> >
      > > Skype: *Osnacantab*
      > > Second Life: *Osnacantab Nesterov*
      > >
      > >
      > > [Non-text portions of this message have been removed]
      > >
      >
      >
      >


      [Non-text portions of this message have been removed]
    • Mat
      Personally, I m speechless and gasping for breath. ... I think it s total madness. He s talking about primary and secondary school children in the U.K. As long
      Message 2 of 6 , Aug 10, 2013
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        Personally, I'm speechless and gasping for breath.
        >
        > What do you think?

        I think it's total madness. He's talking about primary and secondary school children in the U.K. As long as they're native speakers their 'grammar' is perfect. They may be from a different speech community than Mr. Gwynne, and he and Mr. Gove (who I think is horrible) might well think what they say or write is incorrect. "We was late" for "we were late" might be an example (for certain communities in London the former is perfectly acceptable), but who are they to tell people what to say or how to say it?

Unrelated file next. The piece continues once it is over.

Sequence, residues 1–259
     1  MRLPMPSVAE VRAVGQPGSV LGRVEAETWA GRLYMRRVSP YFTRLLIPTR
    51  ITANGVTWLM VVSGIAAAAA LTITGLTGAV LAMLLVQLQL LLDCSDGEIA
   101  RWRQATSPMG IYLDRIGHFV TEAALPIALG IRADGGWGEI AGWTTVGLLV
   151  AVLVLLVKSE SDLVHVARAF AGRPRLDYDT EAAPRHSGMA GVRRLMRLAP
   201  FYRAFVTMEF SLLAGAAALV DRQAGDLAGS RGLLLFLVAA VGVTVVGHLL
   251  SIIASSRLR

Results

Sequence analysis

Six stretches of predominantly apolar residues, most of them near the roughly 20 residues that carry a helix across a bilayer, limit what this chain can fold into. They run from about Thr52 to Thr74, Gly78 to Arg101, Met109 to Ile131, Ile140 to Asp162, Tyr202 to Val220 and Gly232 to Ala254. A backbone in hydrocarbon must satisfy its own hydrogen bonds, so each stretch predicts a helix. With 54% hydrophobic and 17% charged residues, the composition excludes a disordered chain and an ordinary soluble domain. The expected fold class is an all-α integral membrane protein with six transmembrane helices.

Language evolves and it always has done. To give native speakers a prescriptive grammar seems pointless and arcane. Texts, e-mails, blogs, tweets and kids have developed their own grammar. There are no rules. It just happens.
        Mr. Gove also, it seems, wants every child in the country to study the subjects he liked at school.